30 June 2021
The most vulnerable industries
According to statistics collected during 2019-2021 by StormWall specialists, companies from the following areas are at risk of being attacked:
- Online commerce, retail;
- Fintech services;
Why are these industries targeted by hackers, what technologies are they using, and how to defend against a potential attack if you work in one of these business areas? Ramil Khantimirov, CEO and founder of StormWall, talks about the most vulnerable industries.
The number of DDoS attacks on online retail has grown by 400% this year compared to last year, with attacks mainly used in unfair competition and for extortion of money.
2020, as expected, was the richest year for hacking (so far). This is due to several factors: both the long-term trend towards an increase in the number of such crimes, and the Covid lockdown — consumers went online and began to buy more in online stores.
According to Ramil, attacks can be divided into several types based on the goals of the cybercriminals:
- stealing user data;
- “Commercial” DDoS attacks on online stores for ransom;
- DDoS attacks on websites, infrastructure and internal systems made for the sake of unfair competition;
- Launching ransomware viruses.
Despite the fact that public attention is usually riveted to large data leaks and attacks on world famous services, small and medium-sized businesses suffer most from hacker threats. According to statistics for 2019-2020, within six months, up to 2/3 of all small and medium-sized e-com businesses face problems in the field of IT security. And it can be caused by any of the attacks listed above: DDoS, data leakage, encryption of critical information. This is why 85% of small businesses plan to increase their IT security spending (according to the poll in 2020). Ultimately, due to the growing pressure on the already small budgets of such businesses, small and medium-sized enterprises run the risk of leaving the market for good.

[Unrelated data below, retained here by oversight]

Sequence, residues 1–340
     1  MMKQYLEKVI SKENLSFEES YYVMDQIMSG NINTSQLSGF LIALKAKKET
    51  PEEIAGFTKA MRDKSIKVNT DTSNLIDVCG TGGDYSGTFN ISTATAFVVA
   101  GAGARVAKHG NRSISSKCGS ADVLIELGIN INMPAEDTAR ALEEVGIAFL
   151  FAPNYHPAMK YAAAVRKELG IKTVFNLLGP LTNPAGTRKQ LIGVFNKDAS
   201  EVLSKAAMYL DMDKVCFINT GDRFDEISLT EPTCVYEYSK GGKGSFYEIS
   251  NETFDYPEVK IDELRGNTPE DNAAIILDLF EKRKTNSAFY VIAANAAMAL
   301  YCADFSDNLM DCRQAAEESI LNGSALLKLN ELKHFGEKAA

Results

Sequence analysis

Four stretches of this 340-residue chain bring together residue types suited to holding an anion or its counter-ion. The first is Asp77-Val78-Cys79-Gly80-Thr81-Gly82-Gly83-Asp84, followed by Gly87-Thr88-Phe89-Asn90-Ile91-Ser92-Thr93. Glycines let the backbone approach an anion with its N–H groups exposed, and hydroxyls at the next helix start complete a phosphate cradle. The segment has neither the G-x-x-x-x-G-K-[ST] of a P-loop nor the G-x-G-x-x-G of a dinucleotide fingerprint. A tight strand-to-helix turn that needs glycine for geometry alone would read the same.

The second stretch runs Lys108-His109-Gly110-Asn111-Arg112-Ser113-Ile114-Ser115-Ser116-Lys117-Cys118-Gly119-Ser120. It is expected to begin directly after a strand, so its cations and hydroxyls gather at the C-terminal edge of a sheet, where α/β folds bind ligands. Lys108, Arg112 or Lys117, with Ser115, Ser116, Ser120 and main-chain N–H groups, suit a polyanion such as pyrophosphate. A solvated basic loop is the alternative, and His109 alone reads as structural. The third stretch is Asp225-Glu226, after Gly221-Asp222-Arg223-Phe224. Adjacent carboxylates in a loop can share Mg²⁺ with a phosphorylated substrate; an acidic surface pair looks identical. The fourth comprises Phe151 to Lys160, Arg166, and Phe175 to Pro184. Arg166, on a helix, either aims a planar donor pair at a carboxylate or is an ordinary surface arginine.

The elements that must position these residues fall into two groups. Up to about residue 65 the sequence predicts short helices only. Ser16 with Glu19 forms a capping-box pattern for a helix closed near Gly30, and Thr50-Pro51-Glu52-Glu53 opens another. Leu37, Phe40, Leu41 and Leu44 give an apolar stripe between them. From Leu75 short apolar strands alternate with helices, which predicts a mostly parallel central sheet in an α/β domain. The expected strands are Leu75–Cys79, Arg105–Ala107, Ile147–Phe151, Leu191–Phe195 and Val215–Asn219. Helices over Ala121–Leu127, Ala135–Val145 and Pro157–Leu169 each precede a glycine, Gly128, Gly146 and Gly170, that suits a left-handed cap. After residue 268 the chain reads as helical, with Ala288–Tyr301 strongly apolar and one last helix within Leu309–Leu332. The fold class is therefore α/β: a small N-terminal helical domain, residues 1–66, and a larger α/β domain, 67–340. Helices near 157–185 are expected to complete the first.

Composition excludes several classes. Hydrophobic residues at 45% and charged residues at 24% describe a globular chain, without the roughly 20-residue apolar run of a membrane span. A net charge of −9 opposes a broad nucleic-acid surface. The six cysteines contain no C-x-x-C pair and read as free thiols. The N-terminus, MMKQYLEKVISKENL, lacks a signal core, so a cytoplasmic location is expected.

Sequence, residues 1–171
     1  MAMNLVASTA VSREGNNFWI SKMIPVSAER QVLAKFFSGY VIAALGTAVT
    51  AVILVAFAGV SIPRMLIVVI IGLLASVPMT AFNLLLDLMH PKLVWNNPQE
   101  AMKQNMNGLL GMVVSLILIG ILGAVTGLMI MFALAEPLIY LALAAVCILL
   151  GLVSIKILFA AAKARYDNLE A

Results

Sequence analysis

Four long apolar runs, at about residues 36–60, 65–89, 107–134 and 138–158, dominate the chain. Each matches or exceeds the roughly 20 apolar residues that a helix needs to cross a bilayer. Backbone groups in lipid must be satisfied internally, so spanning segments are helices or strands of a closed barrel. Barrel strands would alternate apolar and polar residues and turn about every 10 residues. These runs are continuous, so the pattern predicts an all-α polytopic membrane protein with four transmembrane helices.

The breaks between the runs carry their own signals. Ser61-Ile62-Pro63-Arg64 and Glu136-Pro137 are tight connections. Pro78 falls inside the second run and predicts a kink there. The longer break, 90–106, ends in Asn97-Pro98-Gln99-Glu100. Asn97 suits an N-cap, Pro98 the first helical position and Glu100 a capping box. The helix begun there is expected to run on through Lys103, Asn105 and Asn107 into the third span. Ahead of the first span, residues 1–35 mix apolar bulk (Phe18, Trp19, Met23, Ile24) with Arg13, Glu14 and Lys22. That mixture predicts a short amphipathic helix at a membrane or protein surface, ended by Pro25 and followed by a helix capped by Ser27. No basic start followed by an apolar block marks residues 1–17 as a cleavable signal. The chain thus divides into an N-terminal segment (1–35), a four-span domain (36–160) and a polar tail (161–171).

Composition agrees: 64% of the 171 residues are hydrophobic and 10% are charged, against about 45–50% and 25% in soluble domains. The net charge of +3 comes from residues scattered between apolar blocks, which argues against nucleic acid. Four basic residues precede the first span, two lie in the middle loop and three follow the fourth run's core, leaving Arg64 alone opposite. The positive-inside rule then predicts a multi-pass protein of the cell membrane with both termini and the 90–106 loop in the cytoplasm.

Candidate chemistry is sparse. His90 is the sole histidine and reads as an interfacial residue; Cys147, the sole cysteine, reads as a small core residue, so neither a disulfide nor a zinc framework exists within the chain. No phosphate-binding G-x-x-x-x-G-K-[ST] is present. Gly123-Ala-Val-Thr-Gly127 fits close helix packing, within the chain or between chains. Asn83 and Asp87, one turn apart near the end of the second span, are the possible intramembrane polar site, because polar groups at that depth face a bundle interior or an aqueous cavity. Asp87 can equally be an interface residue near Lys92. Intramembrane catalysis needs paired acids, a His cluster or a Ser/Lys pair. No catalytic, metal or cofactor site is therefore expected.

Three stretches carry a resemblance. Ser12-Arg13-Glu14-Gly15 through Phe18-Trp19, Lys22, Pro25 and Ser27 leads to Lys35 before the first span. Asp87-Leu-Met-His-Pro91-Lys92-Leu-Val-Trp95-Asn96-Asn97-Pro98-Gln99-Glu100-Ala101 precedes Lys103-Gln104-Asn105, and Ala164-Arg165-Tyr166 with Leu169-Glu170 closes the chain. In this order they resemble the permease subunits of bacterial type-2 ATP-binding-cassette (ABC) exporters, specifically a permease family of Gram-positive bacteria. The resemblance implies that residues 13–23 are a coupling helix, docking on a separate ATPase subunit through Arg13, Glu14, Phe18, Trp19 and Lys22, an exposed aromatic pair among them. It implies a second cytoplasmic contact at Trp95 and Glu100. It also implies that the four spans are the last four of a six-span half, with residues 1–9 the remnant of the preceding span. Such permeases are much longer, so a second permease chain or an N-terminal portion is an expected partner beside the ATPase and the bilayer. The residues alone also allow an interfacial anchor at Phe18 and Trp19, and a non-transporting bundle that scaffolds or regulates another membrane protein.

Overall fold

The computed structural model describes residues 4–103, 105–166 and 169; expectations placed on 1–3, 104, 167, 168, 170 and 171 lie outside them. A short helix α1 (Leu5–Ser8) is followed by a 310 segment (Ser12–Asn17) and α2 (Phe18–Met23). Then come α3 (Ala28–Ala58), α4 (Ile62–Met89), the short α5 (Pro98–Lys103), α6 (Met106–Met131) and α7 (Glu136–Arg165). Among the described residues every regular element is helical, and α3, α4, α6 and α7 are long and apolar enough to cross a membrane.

The share of DDoS attacks on banks and financial institutions increased by 27% in 2020 compared to the previous year. The main reason for attacks on the financial sector was data theft; personal data of users and bank card data were of the greatest interest to hackers. Over the past year, more than $ 2 million in bitcoins were paid to the addresses of cybercriminals who attacked various financial services. An interesting fact: according to surveys of top managers of various kinds of financial services, 85% of them claimed that their infrastructure is safe. However, in fact, every third respondent was subsequently successfully attacked over the next year.
In order to be closer to their user base, many banks are introducing cloud services into their infrastructure, as well as creating web versions of personal accounts and online applications. Such solutions greatly increase customer focus, but negatively affect data security, which, in turn, is used by attackers. According to the founder of StormWall, the deployment of client applications itself has created multiple entry points for cyber attacks. Attackers are motivated by gaining access to information on credit cards, gaining control over users' finances, making money transfers, and stealing personal data.
Such activity of hackers can accompany DDoS attacks to distract the attention and resources of IT professionals from data leakage. Another emerging trend associated with this type of attack is the blackmailing of companies by leaking sensitive data onto the network. Information disclosure tactics are chosen by cybercriminals in the event that companies have backups of all lost / encrypted data.
The number of DDoS attacks on the telecommunications industry increased by 35% compared to the previous year. The significant growth is justified by the noticeably increased competition in this market: with the transition to home offices, customers' requirements for the continuity of Internet access, as well as the criticality of this infrastructure, increased, which competitors took advantage of in their unfair competition for the market.
Ramil Khantimirov also notes that telecom very often comes under attack indirectly when DDoS attacks occur on the websites of online stores and online services. Recently, botnet rental services for DDoS attacks, which capacity can reach 400-500 Gbps, have become available to anyone on the black market. Such a load is enough not only for the victim's servers, but also for the IT infrastructure of numerous ISP’s standing in between the victim and the attacking botnet.
Along with known types of attacks, Researchers from SIDN Labs, (.nl domain zone), InternetNZ (.nz domain zone) and the Institute of Information Sciences of the University of Southern California described a new network vulnerability, tsuNAME, that could be exploited by attackers. The essence of the attack is that authoritative DNS servers are overloaded and disabled by numerous requests resulting from an endless loop. The result of such an attack can be a complete denial of Internet access at the country level.